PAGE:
Asia helps United 2026 clinch World Cup bid

An analysis of the final tally reveals that it was the Asian countries who swung the vote for the United 2026.

Published: 14th June 2018 05:28 AM  |   Last Updated: 14th June 2018 05:28 AM   |  A+A-

Mexico has previously hosted two World Cups (1970 and 1986) | afp

Express News Service

MOSCOW: As the 68th FIFA Congress broke for lunch, the main hall was suddenly abuzz with activity. Delegates walked up to each other and there was an air of old friends running into each other, while journalists approached administrators from their country to try and find out which of the two 2026 World Cup bids they were backing. As the Congress re-convened, a lot of people had tallied the numbers and knew what was going to happen. Unlike the last time FIFA convened to decide the World Cup hosts, there were not going to be any surprises.

As the results of the vote were shown on the giant screen inside the Moscow Expocentre, the United 2026 team in attendance — it included an African refugee from Canada, a woman footballer from the USA and an U-21 team player from Mexico — leapt up in joy. Of the 200 countries that had cast a vote, United 2026 had the support of 134. Morocco had 65 votes while Iran chose to vote for none of the bids. After a quick round of congratulating themselves and consoling the defeated Moroccans, they were on stage.
“Thank you, so so very much for this incredible honour,” said United States Soccer Federation chief Carlos Cordeiro. “Football today is the only victor.”

An analysis of the final tally reveals that it was the Asian countries who swung the vote for the United 2026. The vast majority of its 47 member nations voted for the victors — China, Oman, Qatar and Palestine were the notable exceptions. India — represented in Moscow by AIFF president Praful Patel, secretary Kushal Das and Executive Committee member (and Tamil Nadu Football Association president) Jessiah Villavarayar — predictably went for the United bid, as did all countries (except Oman) who are part of the newly-formed South West Asian Football Federation. Morocco garnered most of its votes from Africa and Europe. But perhaps, the most curious of voting choices were of the Russians, who cast their ballot for the United States-led bid.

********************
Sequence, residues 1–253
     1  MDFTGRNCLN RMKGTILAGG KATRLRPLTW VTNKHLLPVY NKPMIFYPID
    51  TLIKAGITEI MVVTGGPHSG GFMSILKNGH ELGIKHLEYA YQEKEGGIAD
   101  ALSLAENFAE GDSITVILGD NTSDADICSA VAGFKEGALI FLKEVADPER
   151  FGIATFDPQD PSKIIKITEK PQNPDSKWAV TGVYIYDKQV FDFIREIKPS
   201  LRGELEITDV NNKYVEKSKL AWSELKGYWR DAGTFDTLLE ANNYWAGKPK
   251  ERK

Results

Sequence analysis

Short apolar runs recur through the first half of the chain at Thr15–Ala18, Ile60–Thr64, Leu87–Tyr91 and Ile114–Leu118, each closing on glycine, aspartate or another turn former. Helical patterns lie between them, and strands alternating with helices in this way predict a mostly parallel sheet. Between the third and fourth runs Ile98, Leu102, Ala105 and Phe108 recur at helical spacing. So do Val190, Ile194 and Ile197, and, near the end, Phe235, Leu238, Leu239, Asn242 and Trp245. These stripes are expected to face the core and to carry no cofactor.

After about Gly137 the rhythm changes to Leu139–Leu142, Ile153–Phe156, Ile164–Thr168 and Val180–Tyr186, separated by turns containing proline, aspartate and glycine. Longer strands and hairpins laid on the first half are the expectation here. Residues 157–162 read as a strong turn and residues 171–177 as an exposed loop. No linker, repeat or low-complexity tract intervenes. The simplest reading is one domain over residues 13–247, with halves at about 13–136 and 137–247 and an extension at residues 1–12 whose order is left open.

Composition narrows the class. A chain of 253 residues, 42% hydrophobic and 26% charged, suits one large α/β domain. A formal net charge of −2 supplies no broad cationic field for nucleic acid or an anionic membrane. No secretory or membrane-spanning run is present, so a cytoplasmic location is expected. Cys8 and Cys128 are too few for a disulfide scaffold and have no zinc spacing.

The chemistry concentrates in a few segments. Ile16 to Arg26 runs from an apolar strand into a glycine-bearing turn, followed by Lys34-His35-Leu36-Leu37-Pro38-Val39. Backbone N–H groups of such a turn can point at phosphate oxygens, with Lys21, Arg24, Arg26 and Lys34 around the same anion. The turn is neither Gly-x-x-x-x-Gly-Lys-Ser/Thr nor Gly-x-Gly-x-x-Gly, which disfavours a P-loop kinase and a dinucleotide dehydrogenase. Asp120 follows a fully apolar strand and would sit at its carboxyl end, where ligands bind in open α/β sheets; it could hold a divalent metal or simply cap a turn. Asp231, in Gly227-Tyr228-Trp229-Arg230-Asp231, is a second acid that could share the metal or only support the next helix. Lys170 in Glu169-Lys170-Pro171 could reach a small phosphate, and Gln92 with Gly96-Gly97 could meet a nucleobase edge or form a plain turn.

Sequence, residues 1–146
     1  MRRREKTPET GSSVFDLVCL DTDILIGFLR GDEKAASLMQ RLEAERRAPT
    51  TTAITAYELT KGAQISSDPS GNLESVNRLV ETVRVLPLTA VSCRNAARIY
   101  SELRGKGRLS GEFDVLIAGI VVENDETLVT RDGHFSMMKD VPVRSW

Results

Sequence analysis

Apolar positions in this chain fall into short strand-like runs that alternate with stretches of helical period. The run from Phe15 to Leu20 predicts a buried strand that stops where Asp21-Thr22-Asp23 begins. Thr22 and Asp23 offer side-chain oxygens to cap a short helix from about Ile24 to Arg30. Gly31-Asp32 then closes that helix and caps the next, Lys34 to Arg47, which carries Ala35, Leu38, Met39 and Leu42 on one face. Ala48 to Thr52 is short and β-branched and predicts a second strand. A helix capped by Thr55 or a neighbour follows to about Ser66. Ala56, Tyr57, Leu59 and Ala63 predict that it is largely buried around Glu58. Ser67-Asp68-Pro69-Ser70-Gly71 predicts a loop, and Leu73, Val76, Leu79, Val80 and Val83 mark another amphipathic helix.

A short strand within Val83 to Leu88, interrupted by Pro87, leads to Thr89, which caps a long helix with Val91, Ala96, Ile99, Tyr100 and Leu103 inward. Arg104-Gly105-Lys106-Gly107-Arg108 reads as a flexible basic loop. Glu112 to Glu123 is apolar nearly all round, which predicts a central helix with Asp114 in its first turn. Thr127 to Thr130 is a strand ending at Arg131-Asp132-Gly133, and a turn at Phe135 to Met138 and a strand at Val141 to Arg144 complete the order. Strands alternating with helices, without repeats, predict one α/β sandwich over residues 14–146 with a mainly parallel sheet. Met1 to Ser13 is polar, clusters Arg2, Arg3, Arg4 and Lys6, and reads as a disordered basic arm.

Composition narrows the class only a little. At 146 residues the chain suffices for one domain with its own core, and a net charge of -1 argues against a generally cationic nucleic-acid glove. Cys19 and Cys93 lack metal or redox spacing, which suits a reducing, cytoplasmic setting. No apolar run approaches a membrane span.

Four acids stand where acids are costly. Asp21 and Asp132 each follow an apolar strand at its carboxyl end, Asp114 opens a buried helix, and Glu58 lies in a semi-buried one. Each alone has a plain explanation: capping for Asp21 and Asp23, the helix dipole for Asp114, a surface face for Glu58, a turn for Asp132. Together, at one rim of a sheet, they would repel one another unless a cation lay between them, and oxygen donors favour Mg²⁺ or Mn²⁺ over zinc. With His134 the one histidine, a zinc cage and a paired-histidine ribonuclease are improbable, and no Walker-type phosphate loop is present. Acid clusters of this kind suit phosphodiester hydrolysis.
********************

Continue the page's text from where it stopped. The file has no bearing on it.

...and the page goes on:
In all fairness, the logical decision was always to go for the North American bid. After both teams had presented their cases and just before the Congress went to vote, FIFA general secretary Fatma Samoura summed up FIFA’s evaluation of both bids. The contrast was stark — just five of the stadiums that Morocco had involved in its plan exist now while their competitors just need minor renovations for their 16 stadiums. But perhaps the numbers that turned out to be most significant were in the United 2026 bid video telecast a few minutes earlier. Eleven billion dollars in profit. Fourteen billions dollars in revenue.

But one has to feel for the Moroccans. This is the fifth time they are attempting to secure rights to host. But once FIFA decided to expand the tournament to 48 teams, the world was always going to look down unfavourably on their ability to host the tournament. FIFA president Gianni Infantino said, after the Congress, that the increase in size meant instances of a single country hosting the World Cup would be rare in the future.

“I think a big country can host a 48-team tournament,” he said. “But it would almost be a shame, with the World Cup taking place every four years, if one country was to host. I don’t think it would be an issue to co-host a World Cup.”

Lost amidst all the hype was another significant development. Just before the 2026 vote, Infantino announced that a proposal to increase the number of teams at the 2022 World Cup, sponsored mainly by South American countries, had been withdrawn. Qatar can heave a sigh of relief.

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